Direct routed order execution comparison?

Discussion in 'Trading Software' started by Kaga, Mar 10, 2022.

  1. Kaga


    Platforms such as DAS Trader or Sterling Trader are well known for their superior order execution capabilities. I'm curious how their order executions compare to direct routed orders executed by TWS of Interactive Brokers? Is there any advantage in linking DAS or Sterling with IB for execution, or are directed orders just as fast in TWS?
  2. As far as I know, they don't do any of that, they're just front end, connecting your trading account to their graphical interface with an API.
  3. Robert Morse

    Robert Morse Sponsor

    Kaga- I'll add Lightspeed Trader in addition to Sterling Trader Pro, I have no knowledge of DAS, excel at fast order entry with configurable order tickets, hot keys and hot buttons. This helps an active trader get the order out of the software fast. The speed of execution is dependent on other factor such as how fast risk checks are done, your distance and time to the servers in NJ, and the routes that are chosen. Our customers tell us that the use of an ECN or Exchange vs the free routes, is materially faster, especially during high volume times.

    qlai likes this.
  4. MrMuppet


    Please make sure you understand what you are getting into.
    Direct access means you are responsible for choosing venue, route and order type.

    Currently we're looking at close to 70 different order types for NYSE Arca and there are 13 different exchanges in the US. Make sure to check if all order types and routes you want to use are available from your broker of choice.

    Going from the play doh market that is offered by retail brokers such as IB towards direct access is a steep learning curve, so make sure to account for that or you will be completely lost.

    Go through every exchanges order types and learn what they do and how they are used.
    You won't ever use an IOC ISO for sure since you don't meet the requirements of REG NMS Rule 600, but you definitely can use a Primary Only, MPL or Reserve Order.

    They all have different priorities in the book, come with different TIFs and conditions.
  5. Kaga


    Thanks for your replies!

    I was thinking more along the lines of daytrading with up to a few thousand shares, and sending direct routed orders e.g. to ISLAND to buy at the ask and sell at the bid (if ISLAND is not the one with best price, they route it further if I understand correctly).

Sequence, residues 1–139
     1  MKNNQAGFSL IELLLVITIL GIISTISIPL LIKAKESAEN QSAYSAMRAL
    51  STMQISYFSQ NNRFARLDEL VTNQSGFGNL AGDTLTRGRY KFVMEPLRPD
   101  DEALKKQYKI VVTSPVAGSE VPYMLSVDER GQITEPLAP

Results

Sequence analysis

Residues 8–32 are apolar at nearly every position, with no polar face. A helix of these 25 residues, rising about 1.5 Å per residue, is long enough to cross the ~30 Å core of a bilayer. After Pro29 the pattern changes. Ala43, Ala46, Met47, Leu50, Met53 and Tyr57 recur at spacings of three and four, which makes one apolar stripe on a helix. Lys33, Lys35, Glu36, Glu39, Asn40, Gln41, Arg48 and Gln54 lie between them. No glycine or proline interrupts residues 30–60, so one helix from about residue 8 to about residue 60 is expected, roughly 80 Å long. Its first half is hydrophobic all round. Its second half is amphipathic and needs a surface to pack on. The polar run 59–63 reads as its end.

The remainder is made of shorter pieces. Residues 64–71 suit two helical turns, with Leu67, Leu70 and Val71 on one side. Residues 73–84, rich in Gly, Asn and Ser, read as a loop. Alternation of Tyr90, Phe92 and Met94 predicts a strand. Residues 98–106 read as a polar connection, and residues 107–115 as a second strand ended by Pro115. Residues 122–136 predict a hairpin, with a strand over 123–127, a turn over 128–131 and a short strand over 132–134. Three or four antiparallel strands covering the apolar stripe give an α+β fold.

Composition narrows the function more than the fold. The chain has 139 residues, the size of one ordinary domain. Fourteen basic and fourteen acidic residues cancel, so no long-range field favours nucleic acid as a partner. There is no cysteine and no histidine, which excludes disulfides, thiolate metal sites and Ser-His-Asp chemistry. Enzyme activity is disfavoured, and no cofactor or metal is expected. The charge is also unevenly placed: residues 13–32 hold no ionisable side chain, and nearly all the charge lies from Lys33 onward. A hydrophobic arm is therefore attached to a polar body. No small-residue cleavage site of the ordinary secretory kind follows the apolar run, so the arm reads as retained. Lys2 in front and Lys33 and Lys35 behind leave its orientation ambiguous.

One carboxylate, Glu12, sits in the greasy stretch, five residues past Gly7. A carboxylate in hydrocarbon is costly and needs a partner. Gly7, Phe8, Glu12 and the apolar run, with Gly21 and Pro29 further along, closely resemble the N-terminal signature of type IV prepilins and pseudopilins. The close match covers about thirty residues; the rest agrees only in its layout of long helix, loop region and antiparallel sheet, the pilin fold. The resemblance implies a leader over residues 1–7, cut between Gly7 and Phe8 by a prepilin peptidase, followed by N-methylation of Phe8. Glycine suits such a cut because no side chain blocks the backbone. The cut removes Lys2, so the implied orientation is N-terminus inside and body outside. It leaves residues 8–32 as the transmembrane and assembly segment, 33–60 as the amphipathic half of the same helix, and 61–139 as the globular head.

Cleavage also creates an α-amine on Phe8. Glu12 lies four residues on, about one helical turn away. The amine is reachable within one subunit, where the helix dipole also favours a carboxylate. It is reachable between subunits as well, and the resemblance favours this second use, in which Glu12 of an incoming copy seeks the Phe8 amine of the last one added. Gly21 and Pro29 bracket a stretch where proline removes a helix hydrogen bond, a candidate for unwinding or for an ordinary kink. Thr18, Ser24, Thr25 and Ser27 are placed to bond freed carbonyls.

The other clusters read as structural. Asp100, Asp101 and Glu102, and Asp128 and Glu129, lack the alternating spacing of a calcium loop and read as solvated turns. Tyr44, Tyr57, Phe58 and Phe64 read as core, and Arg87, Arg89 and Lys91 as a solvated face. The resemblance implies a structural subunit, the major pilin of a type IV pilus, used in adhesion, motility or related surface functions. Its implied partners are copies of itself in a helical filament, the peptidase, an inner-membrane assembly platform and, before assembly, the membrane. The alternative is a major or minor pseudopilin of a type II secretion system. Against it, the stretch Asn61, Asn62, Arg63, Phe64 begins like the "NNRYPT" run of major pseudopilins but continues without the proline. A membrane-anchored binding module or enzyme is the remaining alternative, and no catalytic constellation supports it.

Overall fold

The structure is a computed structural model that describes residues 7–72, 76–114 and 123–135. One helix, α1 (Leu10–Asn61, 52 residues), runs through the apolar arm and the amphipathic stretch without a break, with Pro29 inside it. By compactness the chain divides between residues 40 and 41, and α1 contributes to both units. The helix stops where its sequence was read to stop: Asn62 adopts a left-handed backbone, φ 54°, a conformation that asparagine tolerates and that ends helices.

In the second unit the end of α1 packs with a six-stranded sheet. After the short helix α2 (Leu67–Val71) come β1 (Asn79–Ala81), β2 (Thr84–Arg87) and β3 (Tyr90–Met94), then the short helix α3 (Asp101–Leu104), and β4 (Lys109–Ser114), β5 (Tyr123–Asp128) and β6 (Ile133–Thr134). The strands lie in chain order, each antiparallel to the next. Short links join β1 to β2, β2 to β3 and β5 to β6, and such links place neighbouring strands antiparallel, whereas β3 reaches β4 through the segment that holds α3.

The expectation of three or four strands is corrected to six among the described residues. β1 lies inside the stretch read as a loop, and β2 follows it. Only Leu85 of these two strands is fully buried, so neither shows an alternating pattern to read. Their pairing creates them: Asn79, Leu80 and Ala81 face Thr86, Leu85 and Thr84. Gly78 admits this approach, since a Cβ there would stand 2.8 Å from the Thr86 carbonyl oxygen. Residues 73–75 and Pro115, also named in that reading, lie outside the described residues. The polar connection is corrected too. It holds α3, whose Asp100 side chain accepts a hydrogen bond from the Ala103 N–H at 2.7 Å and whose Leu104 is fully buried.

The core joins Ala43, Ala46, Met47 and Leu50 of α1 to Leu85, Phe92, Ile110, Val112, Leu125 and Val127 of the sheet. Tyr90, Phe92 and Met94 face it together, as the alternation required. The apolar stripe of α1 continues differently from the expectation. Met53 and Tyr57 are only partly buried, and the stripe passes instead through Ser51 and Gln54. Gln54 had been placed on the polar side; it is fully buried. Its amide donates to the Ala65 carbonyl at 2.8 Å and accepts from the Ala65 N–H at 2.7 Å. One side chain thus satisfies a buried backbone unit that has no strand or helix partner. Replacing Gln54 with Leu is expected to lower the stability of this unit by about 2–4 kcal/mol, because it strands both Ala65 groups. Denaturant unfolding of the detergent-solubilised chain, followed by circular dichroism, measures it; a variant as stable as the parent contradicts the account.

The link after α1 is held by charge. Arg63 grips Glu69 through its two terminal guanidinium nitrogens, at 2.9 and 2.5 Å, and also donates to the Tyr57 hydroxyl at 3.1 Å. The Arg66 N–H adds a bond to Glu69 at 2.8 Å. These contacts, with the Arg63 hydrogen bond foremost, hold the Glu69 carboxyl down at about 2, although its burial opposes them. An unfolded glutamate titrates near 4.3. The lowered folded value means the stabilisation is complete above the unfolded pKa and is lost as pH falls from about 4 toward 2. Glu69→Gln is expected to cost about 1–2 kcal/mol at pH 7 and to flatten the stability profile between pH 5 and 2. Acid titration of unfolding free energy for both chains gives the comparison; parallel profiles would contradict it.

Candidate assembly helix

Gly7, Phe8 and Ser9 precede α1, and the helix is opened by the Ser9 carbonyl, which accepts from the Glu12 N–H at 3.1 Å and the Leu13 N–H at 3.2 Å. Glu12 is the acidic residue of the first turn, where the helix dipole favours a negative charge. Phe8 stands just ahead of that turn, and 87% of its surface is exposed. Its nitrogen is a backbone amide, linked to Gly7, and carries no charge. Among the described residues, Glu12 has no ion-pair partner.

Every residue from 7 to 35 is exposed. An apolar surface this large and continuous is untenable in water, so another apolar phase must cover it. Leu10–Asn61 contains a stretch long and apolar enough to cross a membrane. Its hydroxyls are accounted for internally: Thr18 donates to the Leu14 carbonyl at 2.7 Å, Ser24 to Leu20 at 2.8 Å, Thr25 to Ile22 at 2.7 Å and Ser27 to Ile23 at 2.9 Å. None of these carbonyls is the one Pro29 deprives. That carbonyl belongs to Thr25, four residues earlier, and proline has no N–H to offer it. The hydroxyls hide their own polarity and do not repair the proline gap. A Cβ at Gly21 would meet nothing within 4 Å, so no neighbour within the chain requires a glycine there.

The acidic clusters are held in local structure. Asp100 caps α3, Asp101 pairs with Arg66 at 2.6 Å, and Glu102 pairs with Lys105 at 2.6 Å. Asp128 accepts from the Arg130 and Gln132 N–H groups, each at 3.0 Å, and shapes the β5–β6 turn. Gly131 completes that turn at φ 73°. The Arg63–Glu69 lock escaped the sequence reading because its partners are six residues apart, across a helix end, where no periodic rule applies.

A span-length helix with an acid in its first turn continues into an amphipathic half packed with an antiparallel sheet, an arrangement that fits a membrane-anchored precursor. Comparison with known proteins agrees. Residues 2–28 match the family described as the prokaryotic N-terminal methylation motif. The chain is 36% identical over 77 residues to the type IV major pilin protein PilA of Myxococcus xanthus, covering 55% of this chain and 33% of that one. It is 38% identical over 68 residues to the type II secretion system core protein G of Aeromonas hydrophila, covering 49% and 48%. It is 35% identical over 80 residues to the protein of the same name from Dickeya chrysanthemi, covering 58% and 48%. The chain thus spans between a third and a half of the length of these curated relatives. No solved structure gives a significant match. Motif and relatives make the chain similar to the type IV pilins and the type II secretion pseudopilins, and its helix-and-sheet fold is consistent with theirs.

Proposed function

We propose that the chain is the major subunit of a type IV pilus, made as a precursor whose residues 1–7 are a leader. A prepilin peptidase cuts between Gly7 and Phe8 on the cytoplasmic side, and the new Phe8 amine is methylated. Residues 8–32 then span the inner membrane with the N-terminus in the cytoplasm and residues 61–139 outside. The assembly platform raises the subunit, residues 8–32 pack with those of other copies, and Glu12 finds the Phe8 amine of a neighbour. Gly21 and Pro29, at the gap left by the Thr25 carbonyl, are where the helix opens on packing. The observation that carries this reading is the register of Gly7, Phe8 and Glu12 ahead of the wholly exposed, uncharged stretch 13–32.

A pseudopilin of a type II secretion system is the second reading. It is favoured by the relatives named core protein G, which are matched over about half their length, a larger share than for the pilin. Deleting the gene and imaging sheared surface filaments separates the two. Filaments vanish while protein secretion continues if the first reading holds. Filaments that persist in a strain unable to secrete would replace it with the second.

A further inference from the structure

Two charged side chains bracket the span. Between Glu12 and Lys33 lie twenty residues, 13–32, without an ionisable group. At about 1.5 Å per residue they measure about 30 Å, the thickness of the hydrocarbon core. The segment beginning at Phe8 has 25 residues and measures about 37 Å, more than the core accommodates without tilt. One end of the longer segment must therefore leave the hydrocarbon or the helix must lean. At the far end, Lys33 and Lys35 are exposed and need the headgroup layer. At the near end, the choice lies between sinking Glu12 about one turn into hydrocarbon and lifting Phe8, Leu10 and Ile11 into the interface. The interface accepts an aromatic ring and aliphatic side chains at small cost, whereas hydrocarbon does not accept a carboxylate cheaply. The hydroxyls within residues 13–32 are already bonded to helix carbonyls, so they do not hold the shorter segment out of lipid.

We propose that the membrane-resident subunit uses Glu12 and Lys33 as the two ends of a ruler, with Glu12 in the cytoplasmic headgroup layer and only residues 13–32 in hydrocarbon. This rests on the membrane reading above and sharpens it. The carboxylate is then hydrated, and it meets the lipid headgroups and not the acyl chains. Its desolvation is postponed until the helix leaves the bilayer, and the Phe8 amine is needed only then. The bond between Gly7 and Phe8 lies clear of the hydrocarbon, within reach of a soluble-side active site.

So if I understand correctly, the pro programs would actually take a SMART routed order, find the best venue, and get the order out faster than TWS will deliver the order I described above to ISLAND? Curious which time frames we are talking here. Would be interesting to see some actually measured comparisons, between time from submission to execution, and resulting slippage (on average of course).

    This information might be a huge selling point for the pro programs, surprised they do not publish such studies for advertisement. (Or maybe they do?)
  6. MrMuppet


    I guess you've got that idea from a 20 year old trading book. ISLAND has been bought in 2002 and doesn't exist in it's old form anymore. Also you probably missed REG NMS.

    Just forget about it and continue using TWS. What is happening on a micro/routing level is currently way above your head and you will have to study at least half a year until you understand what's going on.
    rb7 likes this.
  7. Kaga


    That's interesting! TWS lets me direct route to ISLAND, which is where I got it from.
    I'm not opposed to studying for half a year, haha. If you could tell me where to find the information?
  8. qlai


    Why do you need to learn it if you want zero commissions? I assume you mostly take liquidity, so can’t expect to get it with direct routing(brokers would be eating all the fees). Imho, only worth it if you collocate for both execution and market data (very expensive)
  9. Kaga


    No, I don't want zero commissions. In fact, IB charges 0.003 per share on directed orders, and gives you rebates if you provide liquidity instead of taking it.
    I am rather interested in reducing slippage on entries and exits.
  10. qlai


    Oops, I confused you with another guy asking similar question on another thread.
    #10     Mar 10, 2022
    max21ge likes this.